By Chris Lane
By Jeff Balke
By Aaron Reiss
By Angelica Leicht
By Dianna Wray
By Aaron Reiss
By Camilo Smith
By Craig Malisow
The battle is now in a temporary lull, as Perry's operatives put out the word that he wouldn't call a third special session before Saturday's constitutional amendment election. The governor is juggling two priorities: serving the insurance companies and the medical establishment by concentrating on getting the Prop 12 tort reform amendment passed, while helping Congressman Tom DeLay mint a handful of new GOP congressional districts in time for the 2004 elections. Perry's still hoping to accomplish both tasks before fall is over.
Despite Whitmire's defection, his colleagues seemed in no hurry to abandon the cool New Mexican plateau and descend into the last steamy weeks of the Texas summer. In fact, their month-old adventure may be just beginning.
Backed by a liberal Democrat Internet organization called MoveOn, the remaining Texas Ten may take their show on a nationwide tour ending with a new encampment in Washington, D.C. Three of them, including Houston's Rodney Ellis, headed to the nation's capital late last week to explore that scenario.
MoveOn is the brainchild of two Silicon Valley entrepreneurs, Joan Blades and Wes Boyd, who created a database of more than two million e-mail addresses of politically like-minded people. Using what it calls "flash campaigns," the MoveOn network generates contributions for Democratic causes. A former aide to Senator Ellis put him in touch with the group, which first provided a $25,000 contribution to the Texas 11 and within a week raised more than $1 million on the Internet.
MoveOn Texas spokesman Glenn Smith calls the Texas redistricting dispute just one facet of a national Republican campaign coordinated out of the White House by Bush adviser Karl Rove.
"If you want to get the White House's attention, you've got to speak to voters around the country," says Smith. "It's thought that the efforts outside of Texas will reflect back into Texas and may help resolve this thing in a way favorable to Democrats and not to Republicans."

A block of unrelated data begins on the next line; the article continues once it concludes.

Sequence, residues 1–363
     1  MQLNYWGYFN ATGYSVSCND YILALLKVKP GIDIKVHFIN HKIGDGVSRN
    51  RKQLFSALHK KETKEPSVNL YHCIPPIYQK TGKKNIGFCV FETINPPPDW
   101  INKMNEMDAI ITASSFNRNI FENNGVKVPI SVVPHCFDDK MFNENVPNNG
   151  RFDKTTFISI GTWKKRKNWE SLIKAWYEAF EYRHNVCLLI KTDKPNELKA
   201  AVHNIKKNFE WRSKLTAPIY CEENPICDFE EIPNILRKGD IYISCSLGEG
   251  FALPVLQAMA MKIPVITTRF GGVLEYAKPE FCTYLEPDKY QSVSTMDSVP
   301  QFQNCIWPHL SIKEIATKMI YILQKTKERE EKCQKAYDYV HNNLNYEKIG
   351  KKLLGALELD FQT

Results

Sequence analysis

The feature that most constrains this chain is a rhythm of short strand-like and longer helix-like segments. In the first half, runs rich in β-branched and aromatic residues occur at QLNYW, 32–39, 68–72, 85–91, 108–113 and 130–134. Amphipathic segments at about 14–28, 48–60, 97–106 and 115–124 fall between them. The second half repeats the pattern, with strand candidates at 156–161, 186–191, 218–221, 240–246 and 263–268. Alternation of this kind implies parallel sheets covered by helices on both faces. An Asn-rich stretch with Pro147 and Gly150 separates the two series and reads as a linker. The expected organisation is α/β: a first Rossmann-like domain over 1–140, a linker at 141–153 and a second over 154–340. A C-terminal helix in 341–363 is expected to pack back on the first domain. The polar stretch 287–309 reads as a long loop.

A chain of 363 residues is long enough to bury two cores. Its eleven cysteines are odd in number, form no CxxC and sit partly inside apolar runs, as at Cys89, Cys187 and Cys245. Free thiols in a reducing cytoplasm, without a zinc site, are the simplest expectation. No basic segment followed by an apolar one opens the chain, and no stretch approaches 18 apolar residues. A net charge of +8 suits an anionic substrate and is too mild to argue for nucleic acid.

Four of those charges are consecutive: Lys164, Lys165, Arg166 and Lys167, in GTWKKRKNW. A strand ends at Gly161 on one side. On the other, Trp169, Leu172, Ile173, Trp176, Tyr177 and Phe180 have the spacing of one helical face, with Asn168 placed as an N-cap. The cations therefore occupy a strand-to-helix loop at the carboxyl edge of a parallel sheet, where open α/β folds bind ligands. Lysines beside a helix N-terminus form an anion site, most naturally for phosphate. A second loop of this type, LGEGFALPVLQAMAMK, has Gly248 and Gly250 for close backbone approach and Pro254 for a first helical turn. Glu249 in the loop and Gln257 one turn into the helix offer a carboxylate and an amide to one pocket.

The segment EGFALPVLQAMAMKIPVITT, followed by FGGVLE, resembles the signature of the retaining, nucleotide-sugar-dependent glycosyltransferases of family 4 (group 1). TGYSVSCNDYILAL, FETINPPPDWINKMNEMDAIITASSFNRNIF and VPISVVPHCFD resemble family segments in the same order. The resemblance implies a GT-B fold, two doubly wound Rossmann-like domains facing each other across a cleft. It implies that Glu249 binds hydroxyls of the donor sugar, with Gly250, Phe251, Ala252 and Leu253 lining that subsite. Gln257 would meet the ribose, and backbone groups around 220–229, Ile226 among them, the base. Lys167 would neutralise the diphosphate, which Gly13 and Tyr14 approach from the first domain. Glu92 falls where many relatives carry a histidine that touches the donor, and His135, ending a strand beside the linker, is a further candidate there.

Whitmire is suspicious of the group's fund-raising and emphasis on turning the redistricting fight into a national campaign against the White House. He notes that MoveOn has provided only a pittance to the Texas 11, while using their cause to raise a fortune. Smith responds that all the money will be spent on the communications campaign to bolster the fight against Republican redistricting plans in Texas and elsewhere.
"We were told in one briefing that MoveOn was going to have us go to Philadelphia, Miami, Chicago, New York," says Whitmire. "If they want to do that, go for it, but I'm more constituent-oriented than gearing up to campaign against George Bush and Tom DeLay across this nation."
Representative Coleman finds Whitmire's stance both shortsighted and self-serving.
"Our goal is to stop redistricting and the taking away of people's votes," says Coleman. "But it requires a whole lot of fortitude, which John Whitmire doesn't have."
"I was not elected to serve in New Mexico or Washington, D.C.," retorts Whitmire. "You've got to come back, fight it out, and ultimately it will be decided in the courts."
When Perry calls the third special session, we'll all find out which persona is currently in control of Whitmire's brain: Democratic loyalist John or that unpredictable Boogie.